Breast Oil Cysts: Causes, Diagnosis, and Treatment

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Breast oil cysts are benign (noncancerous) breast lumps. They often feel similar to the lumps common to breast cancer. They may be diagnosed on ultrasound or other breast imaging. Oil cysts in the breast commonly occur due to injury to the chest or medical procedures.

Cysts are the most commonly found type of breast mass, especially for those aged 35 to 50. Cysts are pockets filled with fluid, pus, air, or other substances. They have an outer wall or barrier that keeps the inside contents of the cyst inside the sac.

Breast oil cysts are filled with an oil-like fluid that results from the breakdown of the fat cells of the breast. They often feel soft and squishy. They typically don't require treatment.

Digital illustration of a woman's body showing a self breast exam
Ian Hootan / Getty Images

Breast oil cysts do not become cancerous, and they do not increase the risk of developing breast cancer. However, in rare cases, they may occur in association with underlying cancer. Any mass that can be felt or is concerning on imaging tests should be evaluated by your healthcare team.

This article discusses the symptoms, causes, diagnosis, and treatment of breast oil cysts.

Symptoms

When breast oil cysts are small, they often go unnoticed. As a cyst gets larger, it may be found during a self-breast exam. Sometimes cysts are found when they are seen on a mammogram or other imaging tests.

Some breast cysts can grow larger over time. Bigger cysts can be felt on a breast exam as soft, squishy, and smooth lumps. They can be painful or painless. If they occur after surgery or trauma, there may also be bruising associated with the cyst.

Causes

Breast oil cysts may occur after breast surgery, along with other breast conditions, or can occur spontaneously. They are called oil cysts because they contain a liquid form of body fat.

How They Develop

During a lumpectomy or mastectomy, there can be damage to the fat cells of the breast. As the fat cells break down (breast fat necrosis), their structure changes. The damaged fat cells can form into hard scar tissue or an oily liquid.

When liquid fat collects in one area, a thin layer of calcium can form a wall around it. This eggshell calcification describes the appearance of oil cysts on a mammogram. Simple and complex cysts are different than oil cysts—they do not have the calcium layer. Typically, oil cysts are usually partially or totally enclosed by calcium.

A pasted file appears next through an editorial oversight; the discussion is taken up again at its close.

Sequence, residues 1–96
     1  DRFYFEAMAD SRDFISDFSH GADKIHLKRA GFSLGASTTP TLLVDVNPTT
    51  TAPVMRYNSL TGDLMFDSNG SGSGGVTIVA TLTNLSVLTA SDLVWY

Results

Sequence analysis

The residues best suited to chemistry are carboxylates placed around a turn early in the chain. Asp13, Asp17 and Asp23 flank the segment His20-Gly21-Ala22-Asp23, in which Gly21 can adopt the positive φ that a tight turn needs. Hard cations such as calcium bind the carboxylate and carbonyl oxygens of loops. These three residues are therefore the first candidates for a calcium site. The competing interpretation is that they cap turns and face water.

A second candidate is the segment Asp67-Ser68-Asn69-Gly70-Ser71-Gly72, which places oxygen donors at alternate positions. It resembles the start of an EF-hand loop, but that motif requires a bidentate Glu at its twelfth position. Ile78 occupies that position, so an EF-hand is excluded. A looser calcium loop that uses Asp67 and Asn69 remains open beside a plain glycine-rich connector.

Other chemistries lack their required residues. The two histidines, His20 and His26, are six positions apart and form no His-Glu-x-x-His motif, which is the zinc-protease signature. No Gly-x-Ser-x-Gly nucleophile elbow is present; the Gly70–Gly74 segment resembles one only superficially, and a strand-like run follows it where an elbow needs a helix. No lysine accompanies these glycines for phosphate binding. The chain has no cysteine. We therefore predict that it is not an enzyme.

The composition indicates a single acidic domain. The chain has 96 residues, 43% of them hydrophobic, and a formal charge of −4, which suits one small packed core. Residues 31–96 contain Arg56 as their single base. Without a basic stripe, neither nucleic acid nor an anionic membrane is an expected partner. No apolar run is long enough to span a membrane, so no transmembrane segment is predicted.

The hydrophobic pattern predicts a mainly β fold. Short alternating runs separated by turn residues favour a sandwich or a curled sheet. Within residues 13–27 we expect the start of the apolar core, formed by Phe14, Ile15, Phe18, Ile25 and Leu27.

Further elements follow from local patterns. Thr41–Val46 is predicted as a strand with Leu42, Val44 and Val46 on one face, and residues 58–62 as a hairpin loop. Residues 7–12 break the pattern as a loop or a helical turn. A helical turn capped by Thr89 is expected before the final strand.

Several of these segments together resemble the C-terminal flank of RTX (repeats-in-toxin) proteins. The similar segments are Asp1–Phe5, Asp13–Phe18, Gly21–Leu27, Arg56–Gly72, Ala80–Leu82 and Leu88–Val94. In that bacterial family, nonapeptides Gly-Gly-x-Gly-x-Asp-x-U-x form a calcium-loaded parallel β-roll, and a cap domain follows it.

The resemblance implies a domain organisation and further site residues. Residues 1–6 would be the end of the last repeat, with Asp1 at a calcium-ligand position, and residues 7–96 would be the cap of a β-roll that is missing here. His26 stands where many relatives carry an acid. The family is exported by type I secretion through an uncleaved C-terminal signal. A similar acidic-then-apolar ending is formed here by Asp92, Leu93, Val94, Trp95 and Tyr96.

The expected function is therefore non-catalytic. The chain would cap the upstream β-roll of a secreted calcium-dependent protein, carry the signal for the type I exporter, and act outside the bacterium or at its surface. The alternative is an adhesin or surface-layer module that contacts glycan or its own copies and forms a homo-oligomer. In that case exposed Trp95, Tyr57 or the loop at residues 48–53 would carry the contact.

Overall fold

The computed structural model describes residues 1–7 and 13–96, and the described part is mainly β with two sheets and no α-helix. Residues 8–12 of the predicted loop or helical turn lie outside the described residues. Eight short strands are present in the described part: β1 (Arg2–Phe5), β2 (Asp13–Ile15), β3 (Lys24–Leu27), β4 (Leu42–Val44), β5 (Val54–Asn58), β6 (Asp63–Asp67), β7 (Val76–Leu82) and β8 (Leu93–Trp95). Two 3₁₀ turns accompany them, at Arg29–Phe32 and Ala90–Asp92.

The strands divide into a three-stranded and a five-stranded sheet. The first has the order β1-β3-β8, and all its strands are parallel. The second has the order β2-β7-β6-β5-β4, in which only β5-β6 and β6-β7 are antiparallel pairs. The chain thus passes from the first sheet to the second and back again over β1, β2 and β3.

Damage to the fat cells of the breast can cause two different conditions:

  • Fat necrosis: The damaged fat cells are replaced with fibrous scar tissue
  • Oil cysts: The damaged fat cells break down and leak their oily contents into a walled-off pocket causing a cyst

Risk Factors

Oil cysts often develop after breast surgery. They can also occur after a breast biopsy or cancer removal (mastectomy). Because they may appear during cancer diagnosis and treatment, some people are alarmed to learn that they have one.

Conditions in which fat necrosis and oil cysts may occur include:

After breast augmentation surgery, oil cysts are more common when autologous fat grafting (fat taken from another region of the body and placed in the breast) is used.

In males, most breast oil cysts are associated with trauma.

Diagnosis

If you have noticed a lump in your breast, your doctor will likely recommend further testing. Your treatment team will help determine if additional imaging is required or if a breast biopsy should be performed. Mammogram, ultrasound, and breast MRI (magnetic resonance imaging) are all potential tests your team may recommend.

Mammogram

An oil cyst often shows up on a mammogram as a well-defined mass that appears fatty, and eggshell calcifications may be present. The calcifications of an oil cyst are different than the type of breast calcifications that tend to be associated with breast cancer.

Breast Ultrasound

A breast ultrasound often gives a clearer picture of oil cysts than a mammogram. Ultrasounds use sound waves bounced off of breast tissues to create an image of masses, lumps, and cysts.

Cysts are filled with fluid, gas, or semisolid substances. This causes them to appear on ultrasound as dark, smooth-edged circular or oval areas. The cysts have a clear outline that distinguishes them from surrounding tissues.

A seroma (fluid-filled cyst) can appear identical to an oil cyst on ultrasound. However, other types of breast lumps will typically appear on ultrasound with different characteristics. This difference in appearance helps the provider to determine what structures are within the breast.